An Interview with Jill Halfpenny on ‘The Girl on the Train’
The world premiere of The Girl on the Train plays at West Yorkshire Playhouse this June, the first stage production of Paula Hawkins’ riveting best-selling novel adapted by Rachel Wagstaff and Duncan Abel.
Taking the lead role of Rachel Watson, the disillusioned commuter who finds herself as a suspect in an extraordinary mystery, is television and stage star Jill Halfpenny, best known for leading roles on stage in Abigail’s Party, Chicago and Legally Blonde in the West End and television including Three Girls (BBC) and Liar (ITV).
Jill is making her West Yorkshire Playhouse debut with The Girl on the Train, joining an excellent cast and creative team including Old Vic Associate Director Joe Murphy (Woyzeck, Old Vic) who is directing the production.
Paula Hawkins best-selling novel gripped the nation, were you familiar with the story?
At first I hadn’t read the book or watched the film, but I’d obviously heard a lot about the story. When I read the script I loved how it felt like a psychological thriller on the surface, but with a really interesting portrait of a woman dealing with addiction, loss and pain underneath – in trying to solve the mystery she finds the truth out about herself. I then read the book and loved it, feeling even more excited about what the adapters, Rachel Wagstaff and Duncan Abel, were creating on stage.
“Loved the complexity of the character”
For audiences who know the book or the film, how does the stage version differ?
Our version is Rachel’s world, whereas in the book the story is told through multiple characters perspectives. The audience experience what Rachel experiences, with the whole story told from her point of view. By telling the story in this way, I think audiences will feel really on board with Rachel’s journey, starting at a point where she’s confused, scared and unable to piece together her own life, before then starting to join up the dots of the mystery.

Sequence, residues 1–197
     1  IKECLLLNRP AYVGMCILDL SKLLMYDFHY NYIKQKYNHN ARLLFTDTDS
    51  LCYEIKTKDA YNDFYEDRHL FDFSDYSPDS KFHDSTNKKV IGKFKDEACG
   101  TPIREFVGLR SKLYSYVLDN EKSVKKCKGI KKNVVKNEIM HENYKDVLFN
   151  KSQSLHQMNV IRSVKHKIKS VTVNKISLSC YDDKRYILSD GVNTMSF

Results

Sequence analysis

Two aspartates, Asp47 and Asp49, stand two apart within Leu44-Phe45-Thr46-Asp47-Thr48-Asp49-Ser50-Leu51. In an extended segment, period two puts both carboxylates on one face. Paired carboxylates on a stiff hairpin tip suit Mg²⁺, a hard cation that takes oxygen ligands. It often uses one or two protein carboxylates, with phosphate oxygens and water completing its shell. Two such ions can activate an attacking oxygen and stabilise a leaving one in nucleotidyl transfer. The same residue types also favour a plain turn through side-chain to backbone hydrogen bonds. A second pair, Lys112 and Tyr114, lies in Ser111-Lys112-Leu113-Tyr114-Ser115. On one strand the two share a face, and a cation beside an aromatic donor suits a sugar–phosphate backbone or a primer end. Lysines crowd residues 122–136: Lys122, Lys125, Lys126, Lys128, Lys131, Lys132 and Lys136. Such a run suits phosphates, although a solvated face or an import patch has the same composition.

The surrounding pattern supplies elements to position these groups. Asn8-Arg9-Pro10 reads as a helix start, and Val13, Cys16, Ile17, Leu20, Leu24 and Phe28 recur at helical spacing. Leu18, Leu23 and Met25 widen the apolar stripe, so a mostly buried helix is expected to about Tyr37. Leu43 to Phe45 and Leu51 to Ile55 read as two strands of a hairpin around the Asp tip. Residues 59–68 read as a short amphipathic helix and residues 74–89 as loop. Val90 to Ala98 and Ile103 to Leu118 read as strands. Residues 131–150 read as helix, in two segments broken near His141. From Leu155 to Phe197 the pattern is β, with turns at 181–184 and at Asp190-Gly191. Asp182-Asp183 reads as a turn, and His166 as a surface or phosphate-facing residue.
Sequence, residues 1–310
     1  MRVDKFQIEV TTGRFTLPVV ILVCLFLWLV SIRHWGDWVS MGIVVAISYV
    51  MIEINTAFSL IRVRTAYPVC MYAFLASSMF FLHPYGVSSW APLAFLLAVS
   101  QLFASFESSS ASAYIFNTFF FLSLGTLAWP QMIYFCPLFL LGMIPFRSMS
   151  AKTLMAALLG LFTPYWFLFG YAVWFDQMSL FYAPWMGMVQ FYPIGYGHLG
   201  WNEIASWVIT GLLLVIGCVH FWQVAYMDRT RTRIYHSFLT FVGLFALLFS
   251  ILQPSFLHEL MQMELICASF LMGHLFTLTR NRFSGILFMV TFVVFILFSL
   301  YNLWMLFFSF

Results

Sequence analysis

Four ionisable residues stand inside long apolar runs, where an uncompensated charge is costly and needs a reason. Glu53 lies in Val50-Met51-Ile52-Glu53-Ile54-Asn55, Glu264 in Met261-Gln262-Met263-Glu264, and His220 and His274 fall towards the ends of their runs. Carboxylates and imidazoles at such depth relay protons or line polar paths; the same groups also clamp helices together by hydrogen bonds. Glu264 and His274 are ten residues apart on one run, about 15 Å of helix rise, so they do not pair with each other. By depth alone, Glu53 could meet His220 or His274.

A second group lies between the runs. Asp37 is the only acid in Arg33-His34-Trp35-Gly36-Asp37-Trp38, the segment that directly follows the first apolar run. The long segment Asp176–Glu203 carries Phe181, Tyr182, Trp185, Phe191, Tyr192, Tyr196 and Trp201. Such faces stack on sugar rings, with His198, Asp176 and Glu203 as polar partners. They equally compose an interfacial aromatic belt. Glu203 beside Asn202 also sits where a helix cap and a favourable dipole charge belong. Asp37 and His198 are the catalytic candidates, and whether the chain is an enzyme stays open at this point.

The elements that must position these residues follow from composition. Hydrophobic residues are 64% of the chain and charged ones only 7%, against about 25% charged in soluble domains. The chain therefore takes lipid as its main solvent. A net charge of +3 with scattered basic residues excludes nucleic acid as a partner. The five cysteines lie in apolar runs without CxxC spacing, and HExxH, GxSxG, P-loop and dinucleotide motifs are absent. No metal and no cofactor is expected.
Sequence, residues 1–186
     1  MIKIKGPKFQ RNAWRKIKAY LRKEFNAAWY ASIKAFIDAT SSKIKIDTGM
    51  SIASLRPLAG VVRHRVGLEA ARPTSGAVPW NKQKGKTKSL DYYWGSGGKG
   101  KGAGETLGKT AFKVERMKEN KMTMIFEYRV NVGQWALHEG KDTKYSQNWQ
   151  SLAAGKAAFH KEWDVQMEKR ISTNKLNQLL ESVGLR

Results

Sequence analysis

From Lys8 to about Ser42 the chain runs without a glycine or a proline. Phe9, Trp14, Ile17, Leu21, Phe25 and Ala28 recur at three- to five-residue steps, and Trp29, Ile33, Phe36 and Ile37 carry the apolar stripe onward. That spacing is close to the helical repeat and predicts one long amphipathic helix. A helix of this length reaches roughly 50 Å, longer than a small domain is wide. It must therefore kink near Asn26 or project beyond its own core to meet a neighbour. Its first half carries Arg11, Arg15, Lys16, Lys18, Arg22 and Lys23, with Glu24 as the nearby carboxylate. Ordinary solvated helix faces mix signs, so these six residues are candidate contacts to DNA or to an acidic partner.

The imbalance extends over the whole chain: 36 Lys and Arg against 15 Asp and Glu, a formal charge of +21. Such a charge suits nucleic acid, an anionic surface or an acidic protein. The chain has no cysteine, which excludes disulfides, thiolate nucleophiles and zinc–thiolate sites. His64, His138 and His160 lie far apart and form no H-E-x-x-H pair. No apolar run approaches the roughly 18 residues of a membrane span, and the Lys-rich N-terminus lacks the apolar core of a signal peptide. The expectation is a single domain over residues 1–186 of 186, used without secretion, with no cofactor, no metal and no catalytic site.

What attracted you to the role of Rachel, and how are you approaching bringing her character to life on stage for the first time?
When I first read the script I absolutely loved the complexity of Rachel’s character. She’s striven for the perfect life, a perfect house, husband, job and family. But, when we meet her at the start of the play she’s at rock bottom, divorced, being evicted from her flat, and struggling with an alcohol addiction. She’s completely stripped bare having lost everything, seemingly at her most vulnerable, and that’s when she starts to find out who she is.
As the plot develops she takes control, realising she can live her life and be happy without having to live up to those ideals. I think telling Rachel’s story on stage now is so timely and relatable. We’re always trying to paint and present the perfect picture of ourselves, consuming the idea of a perfect life and perfect appearance through the media, and curating and projecting that ‘best’ side of ourselves on our own social media. I think audiences will really be able to relate to that side of Rachel’s character.
“We’ve all experienced jealousy, regret, and hurt”
Are you looking forward to performing at West Yorkshire Playhouse? How do you think Leeds audiences will react to the production?
I can’t wait to perform at West Yorkshire Playhouse and I think Leeds audiences are going to love the show. Not only is it such a brilliant thrill ride, but the characters’ journeys are so universal everyone watching the show will be able to recognise their struggles – we’ve all experienced jealousy, regret, and hurt which the characters go through to find the truth of their situations.
You’ve had such a varied career, do you prefer acting for stage or screen?
I don’t have a preference, I’ve always loved working on all different kinds of projects, and in all cases I’m drawn into a role by a script. If a script is brilliant and the story is captivating I’m hooked in. This is the exact process I went through with The Girl on the Train. When I read the script I found the story so compelling. Not only because of its pure thrill, but also the complexity of the characters, its occasional moments of humour, and its humanity and relatability. Audiences are really going to love it.
images: Richard Davenport